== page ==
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- Subject: Re: C++ creation of object, and Lua co-calling
- From: Gary Makin <garym@...>
- Date: Mon, 17 Jun 2002 17:50:27 +1000
I think this answers the question you're asking:
The C++ function you make available to Lua must be a static member function.
I really should have mentioned this. In Lua, I call the function using the :
operation, so it sticks a copy of the object on the stack. From that I grab
the ID, and that allows me to get at the C++ object.
On 17/6/02 17:08, "Robert Sadedin" <email@example.com> wrote:
> Hmmm. Interesting, and cool. How do you store a reference to the methods
> in a class?
> I can store a pointer to an object no sweat, but I don't know how to call a
> method relating to that object without adding to lua to handle pointers to a
> specific class method.
> ----- Original Message -----
> From: "Gary Makin" <firstname.lastname@example.org>
> To: "Multiple recipients of list" <email@example.com>
> Sent: Monday, June 17, 2002 1:33 PM
> Subject: Re: C++ creation of object, and Lua co-calling
>> I think the solution depends on just what you want to do. For my project,
>> I've decided to forego using tolua, and to do it all manually.
>> I've got a bunch of different C++ classes, and objects of those classes,
>> I wanted to have parallel objects available in Lua. I ended up putting a
>> routine in each class to create the Lua object for each C++ object.
>> The code creates a new Lua table, and gets a reference to it (telling Lua
>> not to garbage collect the table). The reference is stored in the C++
>> object, and I use that whenever C++ needs to access Lua.
>> In the Lua table I've added a read-only ID entry that I use to find the
>> object (I'm using STL, so pointers and iterators aren't always safe to
>> For each method, or data item, that I want to have accessible from Lua,
>> added a table entry for the C++ routine. Of course, these C++ routines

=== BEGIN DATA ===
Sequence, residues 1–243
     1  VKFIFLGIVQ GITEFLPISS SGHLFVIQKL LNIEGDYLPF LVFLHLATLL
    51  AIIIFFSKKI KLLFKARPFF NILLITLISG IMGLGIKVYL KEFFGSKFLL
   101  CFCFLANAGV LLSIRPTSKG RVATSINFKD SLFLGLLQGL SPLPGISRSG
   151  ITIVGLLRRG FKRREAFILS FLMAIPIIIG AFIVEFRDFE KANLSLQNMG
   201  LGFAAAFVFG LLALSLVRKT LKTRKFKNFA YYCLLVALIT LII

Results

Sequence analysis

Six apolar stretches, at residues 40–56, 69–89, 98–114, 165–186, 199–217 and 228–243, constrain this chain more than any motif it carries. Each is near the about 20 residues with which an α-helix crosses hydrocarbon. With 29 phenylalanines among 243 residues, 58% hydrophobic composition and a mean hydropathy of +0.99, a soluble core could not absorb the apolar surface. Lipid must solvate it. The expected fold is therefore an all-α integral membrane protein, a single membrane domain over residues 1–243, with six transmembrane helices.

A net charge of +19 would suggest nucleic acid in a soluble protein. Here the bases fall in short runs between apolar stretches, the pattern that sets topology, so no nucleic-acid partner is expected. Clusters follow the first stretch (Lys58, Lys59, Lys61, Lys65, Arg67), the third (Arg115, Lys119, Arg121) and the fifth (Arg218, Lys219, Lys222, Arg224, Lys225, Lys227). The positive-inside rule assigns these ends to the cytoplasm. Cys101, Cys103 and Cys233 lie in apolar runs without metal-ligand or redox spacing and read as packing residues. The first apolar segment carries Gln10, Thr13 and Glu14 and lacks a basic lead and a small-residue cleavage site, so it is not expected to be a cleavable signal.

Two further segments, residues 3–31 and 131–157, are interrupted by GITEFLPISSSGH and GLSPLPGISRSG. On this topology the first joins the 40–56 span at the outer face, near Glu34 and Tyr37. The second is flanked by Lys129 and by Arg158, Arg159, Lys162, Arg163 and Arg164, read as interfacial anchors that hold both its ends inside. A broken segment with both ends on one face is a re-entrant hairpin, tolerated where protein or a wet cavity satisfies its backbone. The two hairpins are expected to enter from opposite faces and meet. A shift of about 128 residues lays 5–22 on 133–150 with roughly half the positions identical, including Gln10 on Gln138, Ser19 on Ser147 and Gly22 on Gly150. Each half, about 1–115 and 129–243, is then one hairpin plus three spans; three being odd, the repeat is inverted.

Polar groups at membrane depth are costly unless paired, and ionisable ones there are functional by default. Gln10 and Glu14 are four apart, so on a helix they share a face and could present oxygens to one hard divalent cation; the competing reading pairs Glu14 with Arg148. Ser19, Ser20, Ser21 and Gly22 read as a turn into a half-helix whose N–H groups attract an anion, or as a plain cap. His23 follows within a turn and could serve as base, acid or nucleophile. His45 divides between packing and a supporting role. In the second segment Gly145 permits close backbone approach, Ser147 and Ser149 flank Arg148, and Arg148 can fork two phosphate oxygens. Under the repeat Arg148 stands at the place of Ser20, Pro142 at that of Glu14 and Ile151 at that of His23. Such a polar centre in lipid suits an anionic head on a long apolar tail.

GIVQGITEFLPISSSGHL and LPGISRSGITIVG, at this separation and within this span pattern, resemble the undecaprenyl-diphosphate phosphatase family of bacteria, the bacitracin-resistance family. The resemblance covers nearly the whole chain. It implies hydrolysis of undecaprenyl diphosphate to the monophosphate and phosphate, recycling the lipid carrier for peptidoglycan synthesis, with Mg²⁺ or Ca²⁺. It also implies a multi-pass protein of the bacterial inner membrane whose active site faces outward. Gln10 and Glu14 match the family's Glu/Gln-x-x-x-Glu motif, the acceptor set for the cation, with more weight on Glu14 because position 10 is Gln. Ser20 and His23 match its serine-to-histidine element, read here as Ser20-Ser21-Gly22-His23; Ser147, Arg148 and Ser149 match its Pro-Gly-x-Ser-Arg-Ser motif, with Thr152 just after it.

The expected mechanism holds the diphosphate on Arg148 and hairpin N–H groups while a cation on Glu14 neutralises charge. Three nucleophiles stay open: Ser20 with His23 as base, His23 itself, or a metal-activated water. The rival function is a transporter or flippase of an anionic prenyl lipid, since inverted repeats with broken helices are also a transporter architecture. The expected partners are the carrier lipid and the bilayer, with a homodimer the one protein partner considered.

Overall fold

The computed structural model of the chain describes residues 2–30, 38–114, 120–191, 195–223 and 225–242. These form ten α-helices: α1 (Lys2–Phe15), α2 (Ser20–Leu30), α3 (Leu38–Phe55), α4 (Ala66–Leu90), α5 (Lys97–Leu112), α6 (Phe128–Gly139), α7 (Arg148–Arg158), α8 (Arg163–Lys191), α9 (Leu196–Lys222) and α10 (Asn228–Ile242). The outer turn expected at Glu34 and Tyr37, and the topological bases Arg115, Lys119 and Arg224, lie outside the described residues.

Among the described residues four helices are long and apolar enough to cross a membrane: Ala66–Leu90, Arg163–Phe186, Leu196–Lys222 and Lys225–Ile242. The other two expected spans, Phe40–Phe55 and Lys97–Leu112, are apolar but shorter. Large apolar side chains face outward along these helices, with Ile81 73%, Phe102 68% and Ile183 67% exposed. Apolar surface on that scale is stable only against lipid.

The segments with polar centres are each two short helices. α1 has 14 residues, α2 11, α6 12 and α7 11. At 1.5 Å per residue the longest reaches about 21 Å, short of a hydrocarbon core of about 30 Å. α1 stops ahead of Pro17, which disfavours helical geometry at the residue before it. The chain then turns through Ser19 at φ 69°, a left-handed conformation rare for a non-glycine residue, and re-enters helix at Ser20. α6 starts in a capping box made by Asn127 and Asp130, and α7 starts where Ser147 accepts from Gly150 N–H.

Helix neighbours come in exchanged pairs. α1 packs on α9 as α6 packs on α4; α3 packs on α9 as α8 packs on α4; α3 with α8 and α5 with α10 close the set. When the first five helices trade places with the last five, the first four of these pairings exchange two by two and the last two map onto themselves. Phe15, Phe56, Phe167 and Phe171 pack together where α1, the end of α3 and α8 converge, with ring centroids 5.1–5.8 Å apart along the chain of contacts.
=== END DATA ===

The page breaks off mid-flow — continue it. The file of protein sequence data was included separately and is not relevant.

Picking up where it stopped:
>> different parameters than a C++ only routine would need, so I've tended to
>> end up with two versions of a lot of the routines, with one calling the
>> I've also added some inheritance, so I'm making a single table that's the
>> parent for all the tables of one class. For example, I've got one master
>> Ruin table that is the parent for all the Ruin tables that represent real
>> Ruins in the game. I've added all the common methods to the parent Ruin,
>> I don't need to have copies of all the functions in all the ruins, or
>> of pointers for C++ functions (as I'm using Lua functions to be called fro
>> Lua whenever possible).
>> As a caveat, I've only got this working in the last week, so I don't have
>> fully working game using this, but it seems like the system will hold up.
>> Gary Makin
>> Lead Programmer
>> Strategic Studies Group
>> On 17/6/02 6:55, "Robert Sadedin" <firstname.lastname@example.org>
>>> For my game scripting, I need to be able to expose methods from objects
>>> created in my c++ class to Lua.
>>> I know there are a number of solutions for providing c++ classes in lua
>>> long as they are created in Lua, but what about when the construction is
>>> the host application?
>>> Essentially, I need method sharing with the creation process being
>>> consumated by the c++ app.
>>> What is the simplest, and least ambitious method for doing this that you
>>> experts can think of?